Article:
Great leaders do that every day. They tune into the emotions that can so easily high-jack reason - their own and others; they challenge their own stories and they embrace the discomfort that comes from laying their vulnerability (and reputation) on the line. As Brene said so eloquently, "The nature of leadership is discomfort. That's why there are so few great leaders."
So what does it take, in practical every day terms to start changing the world? Here's ten suggestions inspired by Brene. As I wrote in Brave, "Courage is contagious - never underestimate the ripple effect you set in motion when you act with it!"
10 Ways To Change The World One Brave Action At A Time
1. Encourage someone to think bigger about what is possible for them. After all, our greatest gift to others is to help them see the gifts in themselves.
2. Do something, however small, to show someone you care about them and the things they care about. It's the small things that build the strongest trust.
3. Sit with an uncomfortable emotion, get curious and ask yourself, "What's the story I'm telling myself about this situation that's making me feel this way?" Then tell yourself another story that moves you toward a better outcome.
4. Engage in a brave conversation with someone you've been putting off. If there's something you genuinely want to say, chances are someone genuinely needs to hear it, kindly.
5. Reach out to someone outside your work team or usual 'group' and find out what they're up to and how you may be able to help them. It's through connection that possibilities are born.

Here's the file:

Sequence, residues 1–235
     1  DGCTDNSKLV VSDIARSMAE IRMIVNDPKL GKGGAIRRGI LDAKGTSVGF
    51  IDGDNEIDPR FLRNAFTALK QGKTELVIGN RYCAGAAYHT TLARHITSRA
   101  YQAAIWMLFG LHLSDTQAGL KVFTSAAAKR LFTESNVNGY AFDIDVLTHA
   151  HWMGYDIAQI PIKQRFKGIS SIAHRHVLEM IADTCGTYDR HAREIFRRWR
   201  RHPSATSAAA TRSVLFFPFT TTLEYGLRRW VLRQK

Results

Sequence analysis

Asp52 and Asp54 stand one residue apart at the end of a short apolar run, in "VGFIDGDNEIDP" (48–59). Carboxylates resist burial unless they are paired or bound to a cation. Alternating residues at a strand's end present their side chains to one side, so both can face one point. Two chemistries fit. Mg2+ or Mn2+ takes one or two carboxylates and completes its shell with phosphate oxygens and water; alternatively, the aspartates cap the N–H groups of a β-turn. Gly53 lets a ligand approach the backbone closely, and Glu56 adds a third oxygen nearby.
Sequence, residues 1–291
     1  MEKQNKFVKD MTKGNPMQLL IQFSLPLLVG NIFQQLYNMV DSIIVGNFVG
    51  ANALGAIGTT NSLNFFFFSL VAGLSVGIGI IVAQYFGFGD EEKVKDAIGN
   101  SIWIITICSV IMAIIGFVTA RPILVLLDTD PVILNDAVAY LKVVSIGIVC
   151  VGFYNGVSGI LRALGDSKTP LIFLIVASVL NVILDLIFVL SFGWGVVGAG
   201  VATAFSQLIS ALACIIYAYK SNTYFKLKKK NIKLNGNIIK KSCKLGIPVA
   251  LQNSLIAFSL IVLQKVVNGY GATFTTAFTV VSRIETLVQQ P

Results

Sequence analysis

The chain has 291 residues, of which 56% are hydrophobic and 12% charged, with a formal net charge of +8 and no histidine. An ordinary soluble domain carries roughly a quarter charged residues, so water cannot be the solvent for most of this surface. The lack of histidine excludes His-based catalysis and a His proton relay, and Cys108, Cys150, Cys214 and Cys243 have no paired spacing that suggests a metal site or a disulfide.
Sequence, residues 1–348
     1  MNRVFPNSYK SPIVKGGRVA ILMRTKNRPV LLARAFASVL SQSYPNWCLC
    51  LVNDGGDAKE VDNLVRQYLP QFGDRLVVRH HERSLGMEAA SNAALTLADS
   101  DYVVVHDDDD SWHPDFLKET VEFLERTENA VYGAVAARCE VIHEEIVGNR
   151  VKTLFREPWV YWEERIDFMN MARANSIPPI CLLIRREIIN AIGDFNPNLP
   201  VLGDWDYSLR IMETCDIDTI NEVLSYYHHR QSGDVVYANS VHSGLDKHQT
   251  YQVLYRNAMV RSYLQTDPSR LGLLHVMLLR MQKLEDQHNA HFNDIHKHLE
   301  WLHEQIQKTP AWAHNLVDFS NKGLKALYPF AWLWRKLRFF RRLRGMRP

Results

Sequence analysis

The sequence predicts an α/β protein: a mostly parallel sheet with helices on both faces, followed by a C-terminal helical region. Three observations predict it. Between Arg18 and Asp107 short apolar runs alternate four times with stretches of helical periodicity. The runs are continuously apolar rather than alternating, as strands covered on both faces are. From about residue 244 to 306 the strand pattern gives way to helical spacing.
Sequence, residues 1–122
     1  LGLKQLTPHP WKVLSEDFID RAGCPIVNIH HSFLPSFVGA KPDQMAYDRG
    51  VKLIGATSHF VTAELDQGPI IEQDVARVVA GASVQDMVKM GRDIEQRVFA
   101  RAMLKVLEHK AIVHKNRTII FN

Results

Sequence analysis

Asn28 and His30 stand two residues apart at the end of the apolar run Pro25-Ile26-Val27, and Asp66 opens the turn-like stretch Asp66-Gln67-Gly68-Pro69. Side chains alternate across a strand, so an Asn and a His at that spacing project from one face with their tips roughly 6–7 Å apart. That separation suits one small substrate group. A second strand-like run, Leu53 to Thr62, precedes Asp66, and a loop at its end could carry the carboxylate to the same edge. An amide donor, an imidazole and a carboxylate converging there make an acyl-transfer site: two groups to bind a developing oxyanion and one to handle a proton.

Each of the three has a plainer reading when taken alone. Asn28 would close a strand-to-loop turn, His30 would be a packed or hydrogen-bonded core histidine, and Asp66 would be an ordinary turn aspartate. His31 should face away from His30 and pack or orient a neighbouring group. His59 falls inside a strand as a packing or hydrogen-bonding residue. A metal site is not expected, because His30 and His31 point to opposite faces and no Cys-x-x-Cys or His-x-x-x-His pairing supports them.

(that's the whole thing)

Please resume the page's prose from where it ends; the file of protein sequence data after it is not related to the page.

6. Ask someone to help you. It's not a sign of weakness; it's a sign of strength.
7. Spare the blame. Instead of pointing the finger and laying blame on others for something that isn't as you'd like, do something to change it. Show the leadership you want to see in others.
8. Show up fully. Take off your 'armor' and lower your "I've-got-it-all-together" mask and dare to share what's been on your mind with someone you trust. It's through authenticity and vulnerability we connect most deeply.
9. Upgrade the value you've been putting on yourself - set a boundary, say no to something that doesn't light you up, advocate for yourself or simply raise your asking price! Most people will value only as highly as you value yourself.
10. Give someone the benefit of the doubt and make the most generous assumption you can about why they may have acted as they have. That doesn't mean stepping over wrong doing, it simply means withholding judgement until you know better.
If none of these are calling to you today, simply ask yourself, "What would I do today if I were being truly brave?" Then move in whatever direction your answer beckons. The world will only be changed when you dare to believe it's possible.
Margie Warrell is a bestselling author, speaker and columnist. Learn more at www.MargieWarrell.com